Recent trends in molecular diagnostics of yeast infections: from PCR to NGS.

Arastehfar A, Boekhout T, Butler G, De Cesare GB, Dolk E, Gabaldón T, Hafez A, Hube B, Hagen F, Hovhannisyan H, Iracane E, Kostrzewa M, Lackner M, Lass-Flörl C, Llorens C, Mixão V, Munro C, Oliveira-Pacheco J, Pekmezovic M, Pérez-Hansen A, Sanchez AR, Sauer FM, Sparbier K, Stavrou AA, Vaneechoutte M, Vatanshenassan M (2019) Recent trends in molecular diagnostics of yeast infections: from PCR to NGS. FEMS Microbiol Rev 43(5), 517-547. PubMed Open Access

selected as the Editor's choice of the month; identified as one with the top 10 highest Altmetric scores of a year


The incidence of opportunistic yeast infections in humans is increasing over the last years. These infections are difficult to treat and diagnose, in part due to the large number and broad diversity of species that can underlie the infection. In addition, resistance to one or several antifungal drugs in infecting strains is increasingly being reported, severely limiting therapeutic options and showcasing the need for rapid detection of the infecting agent and its drug susceptibility profiles. Current methods for species and resistance identification lack satisfactory sensitivity and specificity, and often require prior culturing of the infecting agent which delays diagnosis. Recently developed high-throughput technologies such as next generation sequencing or proteomics are opening completely new avenues for more sensitive, accurate, and fast diagnosis of yeast pathogens. These approaches are the focus of intensive research, but translation into the clinics requires overcoming important challenges. In this review, we provide an overview of existing and recently emerged approaches that can be used in the identification of yeast pathogens and their drug resistance profiles. Throughout the text we highlight the advantages and disadvantages of each methodology and discuss the most promising developments in their path from bench to bedside.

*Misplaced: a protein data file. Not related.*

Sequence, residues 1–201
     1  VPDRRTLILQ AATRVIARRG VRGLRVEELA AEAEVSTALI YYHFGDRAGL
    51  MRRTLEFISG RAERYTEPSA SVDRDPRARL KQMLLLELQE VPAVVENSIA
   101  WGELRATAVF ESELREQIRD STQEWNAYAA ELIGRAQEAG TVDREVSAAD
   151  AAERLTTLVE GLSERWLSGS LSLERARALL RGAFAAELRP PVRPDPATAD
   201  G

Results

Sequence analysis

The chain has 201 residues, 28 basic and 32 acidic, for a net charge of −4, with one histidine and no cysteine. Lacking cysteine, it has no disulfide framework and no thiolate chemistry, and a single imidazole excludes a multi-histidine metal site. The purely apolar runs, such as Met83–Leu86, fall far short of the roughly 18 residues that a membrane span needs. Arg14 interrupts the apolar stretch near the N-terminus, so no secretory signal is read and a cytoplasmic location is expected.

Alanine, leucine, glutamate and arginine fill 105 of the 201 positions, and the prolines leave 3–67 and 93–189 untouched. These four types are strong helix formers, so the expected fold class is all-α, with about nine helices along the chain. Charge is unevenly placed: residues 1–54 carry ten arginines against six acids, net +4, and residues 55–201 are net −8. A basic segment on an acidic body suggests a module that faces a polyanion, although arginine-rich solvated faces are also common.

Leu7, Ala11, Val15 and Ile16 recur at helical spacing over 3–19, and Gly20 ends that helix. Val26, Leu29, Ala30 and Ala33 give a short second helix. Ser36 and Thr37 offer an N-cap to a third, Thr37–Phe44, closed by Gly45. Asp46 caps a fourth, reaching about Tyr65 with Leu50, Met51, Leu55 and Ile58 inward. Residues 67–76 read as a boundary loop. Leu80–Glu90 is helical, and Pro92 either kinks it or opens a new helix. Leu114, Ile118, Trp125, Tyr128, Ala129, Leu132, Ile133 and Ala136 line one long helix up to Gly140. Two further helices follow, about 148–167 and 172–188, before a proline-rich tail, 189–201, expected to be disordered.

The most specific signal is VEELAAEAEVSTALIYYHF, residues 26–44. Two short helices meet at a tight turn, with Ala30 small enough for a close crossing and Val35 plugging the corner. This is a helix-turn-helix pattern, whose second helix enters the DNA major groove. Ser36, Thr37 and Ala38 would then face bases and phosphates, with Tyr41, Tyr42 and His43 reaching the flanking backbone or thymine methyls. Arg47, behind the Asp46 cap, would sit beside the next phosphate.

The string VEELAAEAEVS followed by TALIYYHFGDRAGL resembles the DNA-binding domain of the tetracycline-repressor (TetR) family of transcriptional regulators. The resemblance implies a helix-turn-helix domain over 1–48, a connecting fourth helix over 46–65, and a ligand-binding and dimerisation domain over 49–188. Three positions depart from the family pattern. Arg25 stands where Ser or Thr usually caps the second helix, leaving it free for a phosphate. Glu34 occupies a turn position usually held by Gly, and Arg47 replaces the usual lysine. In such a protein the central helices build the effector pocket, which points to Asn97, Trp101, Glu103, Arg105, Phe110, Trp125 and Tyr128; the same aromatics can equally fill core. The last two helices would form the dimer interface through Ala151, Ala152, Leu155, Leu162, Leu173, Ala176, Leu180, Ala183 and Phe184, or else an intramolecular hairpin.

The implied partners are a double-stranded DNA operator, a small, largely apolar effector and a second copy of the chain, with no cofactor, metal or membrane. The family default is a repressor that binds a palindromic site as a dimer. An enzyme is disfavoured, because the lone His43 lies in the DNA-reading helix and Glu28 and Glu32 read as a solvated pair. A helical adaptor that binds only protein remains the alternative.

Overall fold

Involved Units and Groups

doi: 10.1093/femsre/fuz015 PMID: 31158289